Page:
Govt accused of inflating stadium figures

Tom Rabe

A key claim supporting the NSW government's business case for a new western Sydney stadium was never agreed to by the NRL, a parliamentary inquiry has been told.

The business case for the $300 million redevelopment of Parramatta Stadium anticipated that 30 NRL games would be played at the new venue.

But the sport's second-in-command on Monday said the league had never agreed to that.

"We haven't given any commitments of that nature," NRL chief operating officer Nick Weeks told the NSW parliamentary inquiry.

"Where our clubs play their matches will be a matter for clubs to determine."

Lynda Voltz - a Labor MP and member of the Public Works Committee, which is holding the inquiry - accused the government of inflating figures to justify their stadium spend.

"This is what the government has done - they've over-inflated figures, the NRL says they didn't provide these figures," Ms Voltz told AAP.

"Where did 30 games come from if the NRL didn't provide them those figures?"

The government originally planned to knock down and rebuild Parramatta, Allianz and ANZ stadiums at a cost of well over $2 billion but has since scaled-back the scope of the works.

Premier Gladys Berejiklian in March back-flipped on the demolition of ANZ stadium, choosing to instead refurbish the venue at a cost of $810 million - saving $500 million.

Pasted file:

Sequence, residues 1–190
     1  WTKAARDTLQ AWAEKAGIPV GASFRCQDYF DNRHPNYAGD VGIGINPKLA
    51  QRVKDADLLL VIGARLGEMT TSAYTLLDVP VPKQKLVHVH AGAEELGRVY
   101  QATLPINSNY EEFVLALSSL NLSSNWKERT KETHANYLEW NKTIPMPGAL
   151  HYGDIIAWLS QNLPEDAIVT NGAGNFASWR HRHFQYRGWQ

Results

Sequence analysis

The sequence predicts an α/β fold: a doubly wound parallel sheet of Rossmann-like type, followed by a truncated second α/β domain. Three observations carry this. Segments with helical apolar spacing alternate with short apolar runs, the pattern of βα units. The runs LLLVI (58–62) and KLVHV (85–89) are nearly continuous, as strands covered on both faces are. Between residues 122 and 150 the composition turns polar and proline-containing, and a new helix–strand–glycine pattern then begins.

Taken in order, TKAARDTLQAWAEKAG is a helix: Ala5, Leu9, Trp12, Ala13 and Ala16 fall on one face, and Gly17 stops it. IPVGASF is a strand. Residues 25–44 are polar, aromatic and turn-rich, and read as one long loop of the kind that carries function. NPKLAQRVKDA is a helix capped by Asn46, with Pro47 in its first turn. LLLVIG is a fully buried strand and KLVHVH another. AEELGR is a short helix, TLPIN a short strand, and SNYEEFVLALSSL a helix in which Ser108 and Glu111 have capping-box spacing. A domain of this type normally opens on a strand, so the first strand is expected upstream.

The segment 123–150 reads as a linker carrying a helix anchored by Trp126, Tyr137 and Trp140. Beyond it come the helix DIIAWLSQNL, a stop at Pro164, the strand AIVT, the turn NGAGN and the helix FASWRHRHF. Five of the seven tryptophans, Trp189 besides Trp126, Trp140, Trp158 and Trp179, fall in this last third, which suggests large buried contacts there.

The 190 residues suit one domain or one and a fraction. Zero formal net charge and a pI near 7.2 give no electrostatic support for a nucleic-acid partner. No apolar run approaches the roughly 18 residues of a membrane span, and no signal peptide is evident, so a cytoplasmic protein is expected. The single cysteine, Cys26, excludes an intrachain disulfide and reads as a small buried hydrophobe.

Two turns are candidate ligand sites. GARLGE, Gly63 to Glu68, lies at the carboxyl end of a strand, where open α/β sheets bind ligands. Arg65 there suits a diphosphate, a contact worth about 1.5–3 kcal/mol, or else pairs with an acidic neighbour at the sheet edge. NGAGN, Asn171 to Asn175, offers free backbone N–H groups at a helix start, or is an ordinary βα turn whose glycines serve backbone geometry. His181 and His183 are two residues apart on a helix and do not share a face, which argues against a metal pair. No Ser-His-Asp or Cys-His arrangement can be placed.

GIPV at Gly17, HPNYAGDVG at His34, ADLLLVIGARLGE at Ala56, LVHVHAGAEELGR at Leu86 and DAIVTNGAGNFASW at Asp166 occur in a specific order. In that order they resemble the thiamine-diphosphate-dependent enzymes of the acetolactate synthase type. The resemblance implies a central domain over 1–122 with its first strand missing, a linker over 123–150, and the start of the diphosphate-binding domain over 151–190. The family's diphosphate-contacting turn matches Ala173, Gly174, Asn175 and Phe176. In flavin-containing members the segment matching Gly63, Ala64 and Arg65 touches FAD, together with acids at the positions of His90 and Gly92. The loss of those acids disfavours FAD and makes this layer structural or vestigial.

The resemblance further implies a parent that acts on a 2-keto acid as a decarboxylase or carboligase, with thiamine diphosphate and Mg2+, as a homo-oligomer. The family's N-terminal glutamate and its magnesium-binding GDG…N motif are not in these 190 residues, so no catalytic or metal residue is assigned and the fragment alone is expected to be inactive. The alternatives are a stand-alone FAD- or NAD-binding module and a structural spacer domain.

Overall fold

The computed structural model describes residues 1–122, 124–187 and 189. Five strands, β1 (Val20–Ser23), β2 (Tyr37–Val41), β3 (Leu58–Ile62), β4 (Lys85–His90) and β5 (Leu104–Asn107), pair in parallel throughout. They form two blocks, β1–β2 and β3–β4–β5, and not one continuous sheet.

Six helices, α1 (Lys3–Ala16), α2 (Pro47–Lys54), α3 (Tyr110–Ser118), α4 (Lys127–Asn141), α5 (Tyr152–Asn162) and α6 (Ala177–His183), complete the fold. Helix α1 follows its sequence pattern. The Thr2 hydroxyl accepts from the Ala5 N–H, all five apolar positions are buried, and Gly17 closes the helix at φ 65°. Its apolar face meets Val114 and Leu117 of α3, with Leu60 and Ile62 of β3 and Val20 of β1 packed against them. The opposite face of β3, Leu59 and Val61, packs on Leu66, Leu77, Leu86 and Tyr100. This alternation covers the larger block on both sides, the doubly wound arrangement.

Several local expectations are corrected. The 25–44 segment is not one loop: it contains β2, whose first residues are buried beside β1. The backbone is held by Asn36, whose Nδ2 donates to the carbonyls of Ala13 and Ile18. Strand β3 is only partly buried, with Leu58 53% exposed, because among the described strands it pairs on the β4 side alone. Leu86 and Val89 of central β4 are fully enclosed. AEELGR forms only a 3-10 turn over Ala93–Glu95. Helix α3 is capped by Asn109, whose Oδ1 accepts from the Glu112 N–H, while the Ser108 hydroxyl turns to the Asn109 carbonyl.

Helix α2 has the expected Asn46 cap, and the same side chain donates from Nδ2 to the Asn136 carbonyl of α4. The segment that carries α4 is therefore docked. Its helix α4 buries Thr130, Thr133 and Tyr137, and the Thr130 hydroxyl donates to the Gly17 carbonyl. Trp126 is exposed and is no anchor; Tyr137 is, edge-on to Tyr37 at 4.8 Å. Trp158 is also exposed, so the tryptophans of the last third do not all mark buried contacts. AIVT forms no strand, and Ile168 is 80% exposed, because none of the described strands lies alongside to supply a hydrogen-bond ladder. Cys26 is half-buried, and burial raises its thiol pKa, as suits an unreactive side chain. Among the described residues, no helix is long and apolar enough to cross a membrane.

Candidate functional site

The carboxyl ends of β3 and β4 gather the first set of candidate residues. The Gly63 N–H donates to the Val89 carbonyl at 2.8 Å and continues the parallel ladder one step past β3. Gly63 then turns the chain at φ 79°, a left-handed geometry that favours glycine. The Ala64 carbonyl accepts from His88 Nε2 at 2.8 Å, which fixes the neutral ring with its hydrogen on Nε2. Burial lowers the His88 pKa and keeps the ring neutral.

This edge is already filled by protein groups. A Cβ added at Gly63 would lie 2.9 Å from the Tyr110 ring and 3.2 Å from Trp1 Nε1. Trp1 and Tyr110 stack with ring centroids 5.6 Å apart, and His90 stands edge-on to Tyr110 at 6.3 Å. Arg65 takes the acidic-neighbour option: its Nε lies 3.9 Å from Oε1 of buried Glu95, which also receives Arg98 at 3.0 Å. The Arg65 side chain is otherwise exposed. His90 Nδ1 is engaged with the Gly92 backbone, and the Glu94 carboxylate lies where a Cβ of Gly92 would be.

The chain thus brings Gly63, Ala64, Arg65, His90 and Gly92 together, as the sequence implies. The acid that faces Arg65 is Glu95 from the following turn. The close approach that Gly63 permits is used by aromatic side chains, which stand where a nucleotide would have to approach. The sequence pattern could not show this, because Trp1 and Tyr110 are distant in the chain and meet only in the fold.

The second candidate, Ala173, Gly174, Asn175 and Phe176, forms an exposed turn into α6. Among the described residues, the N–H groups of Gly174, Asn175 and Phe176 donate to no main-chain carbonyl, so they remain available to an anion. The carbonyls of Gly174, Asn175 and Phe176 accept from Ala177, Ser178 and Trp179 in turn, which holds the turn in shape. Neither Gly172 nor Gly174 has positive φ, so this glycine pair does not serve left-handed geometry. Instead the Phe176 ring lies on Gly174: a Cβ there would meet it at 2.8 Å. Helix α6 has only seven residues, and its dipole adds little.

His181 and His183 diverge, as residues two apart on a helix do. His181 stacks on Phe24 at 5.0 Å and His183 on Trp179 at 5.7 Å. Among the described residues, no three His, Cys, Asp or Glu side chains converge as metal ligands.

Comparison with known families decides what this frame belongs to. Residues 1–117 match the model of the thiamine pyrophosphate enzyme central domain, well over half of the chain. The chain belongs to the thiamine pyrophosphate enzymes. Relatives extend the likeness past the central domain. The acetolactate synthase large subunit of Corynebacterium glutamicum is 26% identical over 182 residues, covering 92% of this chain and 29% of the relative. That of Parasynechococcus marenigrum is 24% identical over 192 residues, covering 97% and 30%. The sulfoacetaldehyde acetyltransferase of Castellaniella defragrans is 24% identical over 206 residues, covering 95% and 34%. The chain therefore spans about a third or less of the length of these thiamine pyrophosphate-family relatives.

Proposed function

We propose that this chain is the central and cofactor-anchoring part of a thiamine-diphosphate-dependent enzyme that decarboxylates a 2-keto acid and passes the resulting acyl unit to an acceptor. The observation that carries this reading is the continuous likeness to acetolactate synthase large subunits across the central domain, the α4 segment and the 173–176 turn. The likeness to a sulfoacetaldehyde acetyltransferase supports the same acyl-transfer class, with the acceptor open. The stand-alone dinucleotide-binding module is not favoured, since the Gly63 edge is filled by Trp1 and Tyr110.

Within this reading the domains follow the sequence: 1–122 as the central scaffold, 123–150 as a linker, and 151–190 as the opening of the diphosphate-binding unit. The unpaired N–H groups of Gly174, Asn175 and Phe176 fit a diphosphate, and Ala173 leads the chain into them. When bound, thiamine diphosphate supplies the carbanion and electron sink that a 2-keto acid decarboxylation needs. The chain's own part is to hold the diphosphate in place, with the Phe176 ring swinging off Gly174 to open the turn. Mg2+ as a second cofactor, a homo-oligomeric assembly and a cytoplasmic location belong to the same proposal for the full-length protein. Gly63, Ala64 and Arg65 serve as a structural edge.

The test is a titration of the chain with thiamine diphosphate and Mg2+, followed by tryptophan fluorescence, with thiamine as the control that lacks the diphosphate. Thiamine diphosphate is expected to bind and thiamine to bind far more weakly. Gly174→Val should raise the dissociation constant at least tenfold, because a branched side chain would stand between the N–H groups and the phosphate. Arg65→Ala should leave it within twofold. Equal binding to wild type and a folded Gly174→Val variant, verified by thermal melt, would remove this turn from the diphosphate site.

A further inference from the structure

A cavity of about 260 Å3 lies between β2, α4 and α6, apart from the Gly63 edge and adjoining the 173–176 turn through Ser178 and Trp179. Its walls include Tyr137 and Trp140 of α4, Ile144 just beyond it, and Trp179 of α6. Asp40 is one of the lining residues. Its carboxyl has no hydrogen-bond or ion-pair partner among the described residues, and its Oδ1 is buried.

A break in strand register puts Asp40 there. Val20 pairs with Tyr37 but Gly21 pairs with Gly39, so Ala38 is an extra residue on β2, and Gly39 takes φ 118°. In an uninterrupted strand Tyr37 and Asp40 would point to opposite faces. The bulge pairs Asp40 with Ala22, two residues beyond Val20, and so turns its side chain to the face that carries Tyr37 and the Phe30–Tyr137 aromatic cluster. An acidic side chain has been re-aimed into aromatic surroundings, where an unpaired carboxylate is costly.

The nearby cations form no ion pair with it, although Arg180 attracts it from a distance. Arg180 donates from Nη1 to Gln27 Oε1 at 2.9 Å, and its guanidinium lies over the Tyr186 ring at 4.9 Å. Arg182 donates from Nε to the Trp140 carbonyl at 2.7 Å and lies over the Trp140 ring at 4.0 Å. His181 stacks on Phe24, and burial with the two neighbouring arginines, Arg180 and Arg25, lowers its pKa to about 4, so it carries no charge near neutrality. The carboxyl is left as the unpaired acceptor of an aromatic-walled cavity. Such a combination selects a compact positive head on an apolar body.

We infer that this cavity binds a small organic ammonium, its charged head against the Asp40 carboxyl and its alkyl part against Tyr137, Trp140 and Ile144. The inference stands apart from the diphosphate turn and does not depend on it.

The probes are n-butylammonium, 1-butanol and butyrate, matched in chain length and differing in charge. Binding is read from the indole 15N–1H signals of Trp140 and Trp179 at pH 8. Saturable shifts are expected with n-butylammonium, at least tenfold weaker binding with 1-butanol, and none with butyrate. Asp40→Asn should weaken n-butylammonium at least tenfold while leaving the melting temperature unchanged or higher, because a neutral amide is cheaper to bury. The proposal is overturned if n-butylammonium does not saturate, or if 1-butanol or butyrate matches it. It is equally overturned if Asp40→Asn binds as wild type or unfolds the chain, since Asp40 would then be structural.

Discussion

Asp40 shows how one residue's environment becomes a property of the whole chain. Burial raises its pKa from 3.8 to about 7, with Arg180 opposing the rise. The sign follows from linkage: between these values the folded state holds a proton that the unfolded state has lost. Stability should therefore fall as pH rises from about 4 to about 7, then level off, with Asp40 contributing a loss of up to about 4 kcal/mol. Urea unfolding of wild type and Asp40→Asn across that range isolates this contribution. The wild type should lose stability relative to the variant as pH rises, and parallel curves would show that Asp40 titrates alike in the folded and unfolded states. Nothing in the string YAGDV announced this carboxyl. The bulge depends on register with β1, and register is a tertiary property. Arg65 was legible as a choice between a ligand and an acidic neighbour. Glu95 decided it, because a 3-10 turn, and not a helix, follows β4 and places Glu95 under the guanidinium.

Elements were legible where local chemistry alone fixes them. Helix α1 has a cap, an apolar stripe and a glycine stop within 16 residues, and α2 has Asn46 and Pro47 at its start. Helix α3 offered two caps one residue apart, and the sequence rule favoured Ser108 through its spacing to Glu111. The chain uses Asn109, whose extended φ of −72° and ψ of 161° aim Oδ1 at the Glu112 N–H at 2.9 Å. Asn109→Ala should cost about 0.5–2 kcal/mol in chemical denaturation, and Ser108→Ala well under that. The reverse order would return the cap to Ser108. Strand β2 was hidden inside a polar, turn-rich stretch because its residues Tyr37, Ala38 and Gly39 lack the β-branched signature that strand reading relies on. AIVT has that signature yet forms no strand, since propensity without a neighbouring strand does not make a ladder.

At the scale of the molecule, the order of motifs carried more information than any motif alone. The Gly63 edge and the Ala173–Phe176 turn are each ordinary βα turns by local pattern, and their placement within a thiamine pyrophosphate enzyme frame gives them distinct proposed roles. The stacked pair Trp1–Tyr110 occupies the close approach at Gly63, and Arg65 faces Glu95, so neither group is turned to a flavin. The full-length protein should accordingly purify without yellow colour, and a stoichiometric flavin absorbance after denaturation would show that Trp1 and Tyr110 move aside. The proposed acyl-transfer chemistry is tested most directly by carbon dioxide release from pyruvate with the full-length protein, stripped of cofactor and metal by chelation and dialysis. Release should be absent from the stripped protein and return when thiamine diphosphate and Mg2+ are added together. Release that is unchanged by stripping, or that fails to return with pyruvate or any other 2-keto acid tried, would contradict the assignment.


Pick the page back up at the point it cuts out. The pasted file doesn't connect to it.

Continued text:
The total stadium spend now stands at $1.8 billion for the three venues.

A joint parliamentary inquiry was launched in April to scrutinise how the strategy was developed, its economic justifications and possible impact on communities.

Mr Weeks told the inquiry that Sydney had suffered from years of under-investment in sporting infrastructure.

"Unfortunately decades of under-investment and a scattergun approach, driven by political interests rather than coherent policy, has resulted in a network of stadia in Sydney which is dilapidated," he said.

"It does not provide the world-class experience our fans, members and players deserve."

Former NSW Liberal leader John Brogden, the Office of Sport, KPMG, Venues NSW, the Sydney Olympic Park Authority and the City of Sydney have all previously addressed the inquiry.

The new Parramatta Stadium is currently under construction and is due to be opened in mid-2019.

NSW Sports Minister Stuart Ayres says it's up to clubs to decide where they play.

"Government has no role in directing which events are held where," Mr Ayres said in a statement to AAP.

"We're investing in the best facilities to ensure Sydney and NSW is the number one destination for sport and major events."